American anime distributors are notorious for lame and occasionally misleading advertising tag lines, but this time Section 23 has a beauty on the back cover: Before you resurrect a Demon Lord. . . Make sure he's going to be on your side Truer words have rarely been spoken. . .
Sentai Filmworks and Section 23 have taken a lot of flak from some corners of fandom for not bothering anymore with English dubs on their new releases, but that practice does seem to have enabled the Companies Formerly Known as ADV to achieve a remarkable feat of timeliness here, as the first half of this 26-episode series is coming out on American DVD less than two months after the series finished airing on Japanese TV. This is one of the quickest turnarounds ever, and we can only hope that it is a sign of things to come. Fortunately the series they have chosen to do it with, while not a top-tier title, is at least good enough to be worth the effort.
That Tears is based on a tactical RPG for the PS3, which was itself a more family-friendly revamping of an earlier PC-based ero RPG, should be no surprise to anyone familiar with past anime adaptations of either game type, as many structural details allude to both origins. Arawn gradually being surrounded by a near-literal harem of beauties all fiercely loyal to him (at least two are technically his wives!) harkens back to the series' ero game days, while the varied skill sets and improbably lavish costuming practically scream a roster of RPG archetypes; present so far are a healer (Riannon), an archer (Morgan), a barbarian-type (Arthur), melee soldier-types (Octavia and the antagonist Lidia), a heavy blade type (the antagonist Gaius), a wizard-type (Ogam), and some elves who mix melee and magic components. Most of the first ten or so episodes even have a gather the party feel to them that is the foundation of game-based series. In fact, in many senses this first half has a similar feel to the first half of Utawarerumono, another fantasy series with similar origins.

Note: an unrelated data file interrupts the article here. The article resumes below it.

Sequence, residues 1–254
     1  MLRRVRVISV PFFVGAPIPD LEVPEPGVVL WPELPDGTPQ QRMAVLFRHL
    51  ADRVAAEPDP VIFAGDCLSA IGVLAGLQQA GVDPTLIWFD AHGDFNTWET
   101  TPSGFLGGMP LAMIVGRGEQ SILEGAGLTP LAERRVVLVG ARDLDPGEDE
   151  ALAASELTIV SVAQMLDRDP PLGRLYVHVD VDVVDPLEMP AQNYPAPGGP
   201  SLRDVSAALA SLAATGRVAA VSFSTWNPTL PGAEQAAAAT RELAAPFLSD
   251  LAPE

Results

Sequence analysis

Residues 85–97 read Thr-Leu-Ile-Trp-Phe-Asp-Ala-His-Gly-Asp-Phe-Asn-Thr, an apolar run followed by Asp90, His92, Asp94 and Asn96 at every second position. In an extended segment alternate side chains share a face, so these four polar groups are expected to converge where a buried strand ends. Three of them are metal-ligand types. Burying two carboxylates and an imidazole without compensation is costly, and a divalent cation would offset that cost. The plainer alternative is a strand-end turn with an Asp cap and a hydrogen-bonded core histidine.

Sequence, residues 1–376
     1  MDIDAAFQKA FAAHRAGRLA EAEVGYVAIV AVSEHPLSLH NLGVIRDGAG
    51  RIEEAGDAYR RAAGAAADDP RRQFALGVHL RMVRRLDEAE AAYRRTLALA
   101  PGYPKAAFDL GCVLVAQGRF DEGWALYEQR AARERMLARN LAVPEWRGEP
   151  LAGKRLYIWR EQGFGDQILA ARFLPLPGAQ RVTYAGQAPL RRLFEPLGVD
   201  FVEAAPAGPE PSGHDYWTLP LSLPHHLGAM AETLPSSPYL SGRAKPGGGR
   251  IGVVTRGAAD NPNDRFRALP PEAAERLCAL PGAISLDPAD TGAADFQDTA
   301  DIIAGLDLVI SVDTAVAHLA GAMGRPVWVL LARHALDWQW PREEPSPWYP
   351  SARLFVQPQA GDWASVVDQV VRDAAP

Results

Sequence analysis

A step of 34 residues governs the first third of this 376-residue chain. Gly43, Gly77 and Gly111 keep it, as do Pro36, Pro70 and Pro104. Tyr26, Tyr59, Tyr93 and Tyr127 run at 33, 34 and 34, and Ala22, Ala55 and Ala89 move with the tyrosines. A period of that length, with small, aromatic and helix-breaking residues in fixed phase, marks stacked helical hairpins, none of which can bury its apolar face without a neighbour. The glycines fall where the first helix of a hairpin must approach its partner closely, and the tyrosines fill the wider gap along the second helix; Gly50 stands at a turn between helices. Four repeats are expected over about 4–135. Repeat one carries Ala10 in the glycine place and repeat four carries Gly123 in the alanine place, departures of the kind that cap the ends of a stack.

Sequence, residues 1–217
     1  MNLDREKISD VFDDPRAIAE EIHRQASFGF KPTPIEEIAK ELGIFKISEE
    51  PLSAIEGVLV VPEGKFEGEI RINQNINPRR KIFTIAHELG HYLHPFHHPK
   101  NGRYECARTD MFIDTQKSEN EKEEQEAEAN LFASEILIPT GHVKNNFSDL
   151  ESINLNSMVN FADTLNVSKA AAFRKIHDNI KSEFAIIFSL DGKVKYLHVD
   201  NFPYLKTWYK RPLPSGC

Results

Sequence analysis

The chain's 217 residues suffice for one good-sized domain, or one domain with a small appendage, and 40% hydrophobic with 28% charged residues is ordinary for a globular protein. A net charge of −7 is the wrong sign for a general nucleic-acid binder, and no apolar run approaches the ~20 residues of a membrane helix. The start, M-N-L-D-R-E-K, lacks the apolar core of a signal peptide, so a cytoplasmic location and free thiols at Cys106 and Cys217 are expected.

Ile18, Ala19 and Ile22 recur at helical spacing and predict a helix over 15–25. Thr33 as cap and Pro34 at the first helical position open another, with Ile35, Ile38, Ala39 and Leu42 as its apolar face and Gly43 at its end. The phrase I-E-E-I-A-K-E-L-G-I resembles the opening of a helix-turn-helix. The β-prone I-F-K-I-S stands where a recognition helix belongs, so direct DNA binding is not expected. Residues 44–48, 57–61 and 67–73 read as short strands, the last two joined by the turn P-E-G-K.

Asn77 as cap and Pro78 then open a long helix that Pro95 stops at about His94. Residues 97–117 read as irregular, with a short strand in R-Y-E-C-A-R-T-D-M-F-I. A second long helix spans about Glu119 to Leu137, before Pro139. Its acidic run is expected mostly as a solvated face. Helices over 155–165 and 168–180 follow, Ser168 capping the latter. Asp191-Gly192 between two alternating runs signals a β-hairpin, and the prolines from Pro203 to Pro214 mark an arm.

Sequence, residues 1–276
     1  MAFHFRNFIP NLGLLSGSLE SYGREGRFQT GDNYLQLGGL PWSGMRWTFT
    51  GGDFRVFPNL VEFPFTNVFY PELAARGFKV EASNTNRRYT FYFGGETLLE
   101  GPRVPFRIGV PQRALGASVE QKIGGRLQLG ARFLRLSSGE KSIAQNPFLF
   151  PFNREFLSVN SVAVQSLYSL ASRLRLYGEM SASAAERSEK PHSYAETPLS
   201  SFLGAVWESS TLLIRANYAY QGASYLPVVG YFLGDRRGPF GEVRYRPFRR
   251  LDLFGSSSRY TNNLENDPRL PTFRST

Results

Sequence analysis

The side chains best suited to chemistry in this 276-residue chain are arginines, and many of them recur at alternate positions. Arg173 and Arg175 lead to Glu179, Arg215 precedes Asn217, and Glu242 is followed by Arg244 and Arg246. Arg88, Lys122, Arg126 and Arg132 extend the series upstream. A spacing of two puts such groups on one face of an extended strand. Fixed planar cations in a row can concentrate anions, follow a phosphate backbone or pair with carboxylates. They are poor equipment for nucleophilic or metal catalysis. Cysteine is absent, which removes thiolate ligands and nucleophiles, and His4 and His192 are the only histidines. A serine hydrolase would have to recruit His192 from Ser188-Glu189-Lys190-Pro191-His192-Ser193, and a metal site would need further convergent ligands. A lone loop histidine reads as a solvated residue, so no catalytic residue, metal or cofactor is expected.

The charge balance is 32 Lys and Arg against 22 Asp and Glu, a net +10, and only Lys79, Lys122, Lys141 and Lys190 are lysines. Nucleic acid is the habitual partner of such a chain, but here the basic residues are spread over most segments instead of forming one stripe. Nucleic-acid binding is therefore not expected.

Tears shares structural similarities to other series in the game-based fantasy subgenre, too. It dishes up an expected mix of battle sequences, magic, and occasional humor flavored with suggestions of hidden plot agendas and occasional flashbacks, while encounters with old adversaries help provide some character depth. It also has an obligatory collection of stock personality types: a hotheaded character (Arthur); a character who's almost impossibly kind-hearted (Riannon); an uncouth, hard-drinking female wild child (Morgan and really, this is a vastly overused clich across all anime genres right now); a character with encyclopedic knowledge (Ogam); a shy and seemingly hopeless beauty who shows surprising competence in certain areas (Llyr); a cold, businesslike beauty (Octavia); and of course the expected cute complements (the other elves). In fact, one could make a checklist of common components in series like this and check off nearly all of them here.
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